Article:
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Publication numberUS2495103 A
Publication typeGrant
Publication dateJan 17, 1950
Filing dateMay 23, 1945
Priority dateMay 23, 1945
Publication numberUS 2495103 A, US 2495103A, US-A-2495103, US2495103 A, US2495103A
InventorsHuppert William
Original AssigneeHuppert William
Export CitationBiBTeX, EndNote, RefMan
External Links: USPTO, USPTO Assignment, Espacenet
Anchoring device
US 2495103 A
Abstract  available in
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Claims  available in
Description  (OCR text may contain errors)

Jan, 17, 1950 w, HUPPERT 2,495,103

ANCHORING DEVICE Filed May 25, 1945 INVENTOR Wu MM fla 527:

ATTORN EY Patented Jan. 17, 1950 UNITED STATES PATENT OFFICE 1 Claim.

This invention relates to an anchoring device for fastening one part to another or for joining two parts together.

Briefly described, the device comprises a metal body having one or more integral prongs at one or both ends. It is intended to be inserted, without pressure, into a preformed cavity or cavities in the part or parts to which it is to be attached or which are to be joined together. When so inserted, and upon application of pressure, the prong or prongs are bent or spread outwardly to bite into the material surrounding the cavity or cavities so as to secure the device firmly in place.

The device may be used for attachment to, or for joining together, parts made of material that is relatively softer than the metal of which the device is made. It is particularly useful with plastic parts. Considerable difficulty has been experienced in satisfactorily attaching a metal part or insert to a part made of molded plastic such as Bakelite, Tenite, Catalin, etc., or in connecting together two or more parts made of such plastic. The present invention provides an efficient means for accomplishing these, as well as other, purposes.

While the device may be employed in various fields, it is especially useful in the electrical art for attaching metal parts or inserts to molded plastic bodies, such for example, as attaching blades to plastic bodies of electric plugs, or for connecting together in assembled relation parts of electric connectors, outlets, and other electrical articles or appliances. The anchoring device proper, with which this invention is concerned, may itself constitute a portion of the metal part to be attached to a plastic body. For instance, in the case of an electrical plug blade the anchoring device may be an integral portion of the blade construction. Furthermore, the device may be formed to serve the secondary function of securing a wire, cord or other electrical conductor in place and providing effective contact therewith.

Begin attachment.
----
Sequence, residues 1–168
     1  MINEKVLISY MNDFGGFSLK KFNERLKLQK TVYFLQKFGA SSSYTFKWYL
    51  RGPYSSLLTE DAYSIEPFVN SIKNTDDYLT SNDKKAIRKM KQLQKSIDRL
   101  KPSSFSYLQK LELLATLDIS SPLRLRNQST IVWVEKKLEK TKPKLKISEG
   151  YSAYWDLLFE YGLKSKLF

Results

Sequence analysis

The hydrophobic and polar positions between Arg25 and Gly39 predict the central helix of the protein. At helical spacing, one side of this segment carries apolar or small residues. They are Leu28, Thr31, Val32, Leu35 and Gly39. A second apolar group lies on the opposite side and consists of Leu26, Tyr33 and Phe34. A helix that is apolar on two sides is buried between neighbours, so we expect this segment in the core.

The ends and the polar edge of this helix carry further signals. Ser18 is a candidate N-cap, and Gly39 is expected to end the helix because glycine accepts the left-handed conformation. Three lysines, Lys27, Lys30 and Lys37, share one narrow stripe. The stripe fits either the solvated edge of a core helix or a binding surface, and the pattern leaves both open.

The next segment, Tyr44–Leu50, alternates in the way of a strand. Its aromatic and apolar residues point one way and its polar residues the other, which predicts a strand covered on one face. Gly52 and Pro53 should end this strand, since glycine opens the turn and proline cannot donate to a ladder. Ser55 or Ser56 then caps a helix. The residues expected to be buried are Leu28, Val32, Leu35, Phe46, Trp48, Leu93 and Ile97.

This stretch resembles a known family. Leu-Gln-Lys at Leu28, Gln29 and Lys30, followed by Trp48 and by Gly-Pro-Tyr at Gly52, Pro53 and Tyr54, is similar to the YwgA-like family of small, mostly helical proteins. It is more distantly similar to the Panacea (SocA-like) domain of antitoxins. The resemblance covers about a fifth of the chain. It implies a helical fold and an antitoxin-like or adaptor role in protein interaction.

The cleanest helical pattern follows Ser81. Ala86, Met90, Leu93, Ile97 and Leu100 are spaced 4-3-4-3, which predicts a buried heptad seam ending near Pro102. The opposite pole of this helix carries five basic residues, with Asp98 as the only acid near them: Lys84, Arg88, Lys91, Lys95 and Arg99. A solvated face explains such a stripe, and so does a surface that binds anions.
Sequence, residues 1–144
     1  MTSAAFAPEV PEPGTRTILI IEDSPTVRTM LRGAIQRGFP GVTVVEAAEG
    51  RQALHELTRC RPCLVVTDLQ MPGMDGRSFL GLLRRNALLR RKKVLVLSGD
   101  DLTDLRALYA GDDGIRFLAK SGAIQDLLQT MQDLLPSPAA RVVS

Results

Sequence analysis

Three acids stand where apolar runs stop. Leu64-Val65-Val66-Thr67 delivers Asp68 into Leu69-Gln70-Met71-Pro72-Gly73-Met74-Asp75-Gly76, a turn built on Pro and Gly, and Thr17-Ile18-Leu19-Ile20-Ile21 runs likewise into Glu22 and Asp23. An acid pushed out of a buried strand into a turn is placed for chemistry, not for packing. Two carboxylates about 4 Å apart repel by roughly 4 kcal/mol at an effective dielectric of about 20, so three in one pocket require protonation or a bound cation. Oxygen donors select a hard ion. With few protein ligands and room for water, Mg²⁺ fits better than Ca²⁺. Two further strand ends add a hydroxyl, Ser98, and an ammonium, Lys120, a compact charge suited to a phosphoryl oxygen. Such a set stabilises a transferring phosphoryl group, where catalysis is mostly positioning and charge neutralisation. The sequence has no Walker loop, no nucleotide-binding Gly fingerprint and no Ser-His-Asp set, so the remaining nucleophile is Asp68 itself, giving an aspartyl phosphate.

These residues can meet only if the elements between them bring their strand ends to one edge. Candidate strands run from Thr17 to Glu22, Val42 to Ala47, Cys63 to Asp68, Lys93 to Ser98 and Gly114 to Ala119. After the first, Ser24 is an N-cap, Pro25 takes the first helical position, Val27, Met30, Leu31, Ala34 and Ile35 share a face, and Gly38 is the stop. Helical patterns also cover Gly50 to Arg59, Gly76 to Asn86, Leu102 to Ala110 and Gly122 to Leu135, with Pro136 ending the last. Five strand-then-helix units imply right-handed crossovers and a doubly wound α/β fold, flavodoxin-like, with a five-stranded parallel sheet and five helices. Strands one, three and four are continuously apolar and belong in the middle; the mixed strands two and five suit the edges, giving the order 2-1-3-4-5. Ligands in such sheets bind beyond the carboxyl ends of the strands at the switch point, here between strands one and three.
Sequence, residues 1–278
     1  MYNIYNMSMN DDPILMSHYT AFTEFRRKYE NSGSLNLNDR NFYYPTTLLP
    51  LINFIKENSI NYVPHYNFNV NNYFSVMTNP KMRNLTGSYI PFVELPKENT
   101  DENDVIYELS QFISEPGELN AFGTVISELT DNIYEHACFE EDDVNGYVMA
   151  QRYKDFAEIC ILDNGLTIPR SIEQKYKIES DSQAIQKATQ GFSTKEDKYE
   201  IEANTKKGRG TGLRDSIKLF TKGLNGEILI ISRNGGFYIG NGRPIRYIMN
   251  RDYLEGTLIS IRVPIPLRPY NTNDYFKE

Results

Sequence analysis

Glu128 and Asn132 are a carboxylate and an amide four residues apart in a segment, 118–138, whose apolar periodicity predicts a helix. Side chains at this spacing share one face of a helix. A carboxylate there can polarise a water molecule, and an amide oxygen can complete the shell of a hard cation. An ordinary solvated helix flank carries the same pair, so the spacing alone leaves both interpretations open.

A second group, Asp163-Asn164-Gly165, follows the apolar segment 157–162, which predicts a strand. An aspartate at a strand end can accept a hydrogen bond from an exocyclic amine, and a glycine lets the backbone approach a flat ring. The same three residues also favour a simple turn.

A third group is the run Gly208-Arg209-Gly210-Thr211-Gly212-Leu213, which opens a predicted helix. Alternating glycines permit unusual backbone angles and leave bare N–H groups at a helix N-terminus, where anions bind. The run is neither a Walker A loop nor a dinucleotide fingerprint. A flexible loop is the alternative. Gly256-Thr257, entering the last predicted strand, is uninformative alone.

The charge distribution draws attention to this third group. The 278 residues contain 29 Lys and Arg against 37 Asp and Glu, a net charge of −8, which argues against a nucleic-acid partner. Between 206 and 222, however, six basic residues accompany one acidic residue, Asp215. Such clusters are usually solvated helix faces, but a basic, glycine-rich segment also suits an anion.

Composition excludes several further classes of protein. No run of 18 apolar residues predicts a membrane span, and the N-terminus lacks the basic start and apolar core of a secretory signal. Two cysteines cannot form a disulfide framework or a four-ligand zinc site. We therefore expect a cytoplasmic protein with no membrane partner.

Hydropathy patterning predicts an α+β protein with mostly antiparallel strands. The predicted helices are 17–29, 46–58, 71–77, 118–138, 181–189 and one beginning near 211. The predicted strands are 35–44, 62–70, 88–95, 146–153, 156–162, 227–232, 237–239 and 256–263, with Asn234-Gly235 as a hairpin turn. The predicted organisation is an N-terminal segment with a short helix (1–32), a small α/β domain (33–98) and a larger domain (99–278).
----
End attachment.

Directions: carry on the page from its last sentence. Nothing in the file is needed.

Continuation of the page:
The principal object of the invention is to provide a simple and inexpensive device for easily, rapidly and securely attaching an insert to a part or for connecting a plurality of parts together.

Another object is to provide anchoring devices that can be stamped from a metal blank without requiring any bending operation to form the prongs.

A still further object is to provide an anchoring device adapted to be freely inserted into a cavity in the part to which it is to be applied and then to be secured therein by bending or spreading the prong or prongs outwardly.

The accompanying drawings illustrate certain embodiments of the invention, in which:

Figure l is a face view of one form of the'device;

Fig. 2 is a side view thereof;

Fig. 3 is a view showing the device inserted in a cavity of the part to which it is to be attached;

Fig. 4 is a similar View of the device in anchored position;

Fig. 5 shows a modified form positioned in the cavities of two parts to be joined together;

Fig. 6 is a face View of another modified form;

Fig. '7 is a view showing the same in anchored position;

Figs. 8 and 9 are face views of two other modifications; and, 1

Fig. -10 shows another form of the device applied to two parts to be connected.

In several of the views the upper part of the anchoring device has been broken away since this invention is directed simply to the portion, which may be termed the shank portion, that is to be inserted in the cavity of the part to which it is to be attached. Where the device is to be used to connect two parts, the upper half may be a mere duplication of the lower half. In the case where the anchoring device itself constitutes the attached part, the upper portion, that is the portion above the shank may be of any required form.

The device in the forms illustrated in Figs. 1 to 4 comprises a body or shank portion 10 of such shape, width and thickness as to fit easily, on simple insertion without pressure, into a preformed cavity or aperture II in the part l2, of plastic or other material, to which it is to be applied. The lower end of the shank has an integral, bendable, prong I3 extending at an angle to the shank in the plane thereof. The tip or point E4 of the prong does not project beyond the width of the shank, however the length of the prong is such that when the prong is bent into its anchoring position shown in Fig. 4 the point 54 will protrude beyond the width of the shank to bite into the material of the wall of the cavity. The lower surface l5 of the end of prong l3 may be curved or beveled to provide a cam action that facilitates upward and outward bending movement of the prong as the latter is pressed down against the bottom l6 of the cavity by application of pressure longitudinally of the shank.